You may or may not know this, but Chromebooks have been stuck on Android 9 for rather a long time. As a matter of reality, we can trace the last major Android update on Chrome OS back to February of 2019. Yes, over 2 years to wait on an Android upgrade is a bit extreme, however Google did make the option to avoid over Android 10 in favor of dealing with Android 11 because this variation of Android has a far better way of dealing with windowed apps. Undoubtedly, on Chromebooks, that’s a quite crucial aspect in how all this works together.
With this update to Android 11 finally getting here in such a way that actual users can attempt it out, it appears like Google is surrounding a couple of big changes to the method Chromebooks deal with Android apps moving on. For now, this just reveals up for users on ‘Hatch’ gadgets (10th-gen Comet Lake processors) in the Beta Channel, however it should present more commonly in the coming weeks. Let’s start with the huge modification under the hood.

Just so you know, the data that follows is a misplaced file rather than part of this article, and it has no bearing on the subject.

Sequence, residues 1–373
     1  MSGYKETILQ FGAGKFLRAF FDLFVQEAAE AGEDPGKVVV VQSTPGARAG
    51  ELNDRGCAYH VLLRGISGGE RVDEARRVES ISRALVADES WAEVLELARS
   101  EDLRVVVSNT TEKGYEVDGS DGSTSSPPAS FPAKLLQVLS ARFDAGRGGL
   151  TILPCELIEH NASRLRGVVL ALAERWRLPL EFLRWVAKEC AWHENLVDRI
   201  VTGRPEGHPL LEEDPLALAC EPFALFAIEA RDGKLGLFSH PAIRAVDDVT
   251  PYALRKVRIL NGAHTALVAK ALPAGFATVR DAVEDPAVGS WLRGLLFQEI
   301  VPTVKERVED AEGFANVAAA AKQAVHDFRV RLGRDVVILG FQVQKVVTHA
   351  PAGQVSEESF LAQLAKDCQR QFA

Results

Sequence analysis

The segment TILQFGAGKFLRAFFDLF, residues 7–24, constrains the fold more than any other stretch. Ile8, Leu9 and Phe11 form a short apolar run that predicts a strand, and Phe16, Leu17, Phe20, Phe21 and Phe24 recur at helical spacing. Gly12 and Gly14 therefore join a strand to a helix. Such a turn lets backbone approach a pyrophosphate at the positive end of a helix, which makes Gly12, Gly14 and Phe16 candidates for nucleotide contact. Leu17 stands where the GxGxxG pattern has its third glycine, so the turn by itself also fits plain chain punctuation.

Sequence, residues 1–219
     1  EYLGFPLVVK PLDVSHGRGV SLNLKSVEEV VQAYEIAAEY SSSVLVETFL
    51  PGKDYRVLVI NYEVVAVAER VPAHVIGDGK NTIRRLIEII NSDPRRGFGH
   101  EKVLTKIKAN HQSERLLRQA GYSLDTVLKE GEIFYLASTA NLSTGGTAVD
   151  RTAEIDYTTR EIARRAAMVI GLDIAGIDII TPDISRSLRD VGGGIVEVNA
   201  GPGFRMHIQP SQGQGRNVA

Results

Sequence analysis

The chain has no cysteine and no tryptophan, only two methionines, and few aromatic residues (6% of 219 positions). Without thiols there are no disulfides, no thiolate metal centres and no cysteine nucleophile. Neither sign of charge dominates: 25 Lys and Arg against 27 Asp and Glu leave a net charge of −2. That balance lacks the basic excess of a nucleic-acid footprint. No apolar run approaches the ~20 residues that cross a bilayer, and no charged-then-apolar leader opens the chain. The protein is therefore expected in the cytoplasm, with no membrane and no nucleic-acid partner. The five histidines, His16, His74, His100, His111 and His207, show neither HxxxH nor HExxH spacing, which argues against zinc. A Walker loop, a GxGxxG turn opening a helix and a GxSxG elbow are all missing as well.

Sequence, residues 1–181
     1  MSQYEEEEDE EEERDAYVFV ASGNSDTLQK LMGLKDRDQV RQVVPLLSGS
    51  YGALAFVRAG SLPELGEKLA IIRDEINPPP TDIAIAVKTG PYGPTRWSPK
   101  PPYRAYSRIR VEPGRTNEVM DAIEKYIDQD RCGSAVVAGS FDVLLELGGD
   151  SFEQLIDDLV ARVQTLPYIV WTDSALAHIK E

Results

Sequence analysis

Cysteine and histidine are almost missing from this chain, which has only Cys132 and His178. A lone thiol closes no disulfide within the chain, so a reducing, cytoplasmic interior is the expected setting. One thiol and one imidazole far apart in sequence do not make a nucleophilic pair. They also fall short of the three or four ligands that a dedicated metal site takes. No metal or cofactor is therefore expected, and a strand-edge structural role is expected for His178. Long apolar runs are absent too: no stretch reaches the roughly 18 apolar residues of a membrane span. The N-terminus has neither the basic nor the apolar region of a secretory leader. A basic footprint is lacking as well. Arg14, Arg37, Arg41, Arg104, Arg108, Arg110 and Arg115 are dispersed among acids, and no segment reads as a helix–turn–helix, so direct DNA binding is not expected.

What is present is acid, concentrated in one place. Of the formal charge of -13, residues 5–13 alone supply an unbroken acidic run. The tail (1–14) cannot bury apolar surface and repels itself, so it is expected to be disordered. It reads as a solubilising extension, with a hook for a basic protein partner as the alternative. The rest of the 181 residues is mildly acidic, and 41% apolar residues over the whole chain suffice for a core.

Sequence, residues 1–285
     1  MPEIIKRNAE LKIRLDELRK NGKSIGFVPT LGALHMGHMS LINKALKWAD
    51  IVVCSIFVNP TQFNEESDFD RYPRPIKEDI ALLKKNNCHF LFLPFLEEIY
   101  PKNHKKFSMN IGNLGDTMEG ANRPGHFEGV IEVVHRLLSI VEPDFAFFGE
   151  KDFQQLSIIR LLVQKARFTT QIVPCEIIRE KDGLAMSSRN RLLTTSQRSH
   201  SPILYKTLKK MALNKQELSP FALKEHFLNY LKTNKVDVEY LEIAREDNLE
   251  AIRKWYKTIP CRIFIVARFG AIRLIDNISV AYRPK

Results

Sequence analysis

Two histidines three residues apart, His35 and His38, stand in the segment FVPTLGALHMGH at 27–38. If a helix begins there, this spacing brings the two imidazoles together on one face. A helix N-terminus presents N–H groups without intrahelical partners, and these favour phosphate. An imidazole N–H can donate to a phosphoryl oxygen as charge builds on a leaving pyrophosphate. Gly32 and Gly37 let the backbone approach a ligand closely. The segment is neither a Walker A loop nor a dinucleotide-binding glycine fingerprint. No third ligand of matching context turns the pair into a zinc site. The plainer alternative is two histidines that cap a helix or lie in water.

ARCVM is lastly a thing
For one, it ought to make repairing Android concerns on Chrome OS much easier moving forward. 2, it likely makes future variations of Android much more compatible with Chrome OS. And 3rd, it finally allows users to sideload applications onto their Chromebooks if they select without putting the Chromebook into Developer Mode. Similar to with Android, you require to allow Developer Mode in the Android settings (tap the construct information a few times in the Android settings) and you are eventually responsible if things go sideways, but dropping downloaded apps on your Chromebook no longer requires the user to put the Chromebook itself in Developer Mode and this implies things are far more secure than before when sideloading Android apps. And far easier, too.